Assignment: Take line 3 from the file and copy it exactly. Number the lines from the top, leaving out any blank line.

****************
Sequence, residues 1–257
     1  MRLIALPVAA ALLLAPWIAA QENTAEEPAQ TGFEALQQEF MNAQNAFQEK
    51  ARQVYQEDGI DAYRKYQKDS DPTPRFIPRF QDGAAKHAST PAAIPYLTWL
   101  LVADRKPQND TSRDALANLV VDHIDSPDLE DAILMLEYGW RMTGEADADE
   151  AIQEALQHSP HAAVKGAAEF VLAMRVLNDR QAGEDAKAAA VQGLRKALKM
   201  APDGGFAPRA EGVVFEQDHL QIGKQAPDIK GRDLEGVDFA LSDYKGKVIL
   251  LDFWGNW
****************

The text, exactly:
    51  ARQVYQEDGI DAYRKYQKDS DPTPRFIPRF QDGAAKHAST PAAIPYLTWL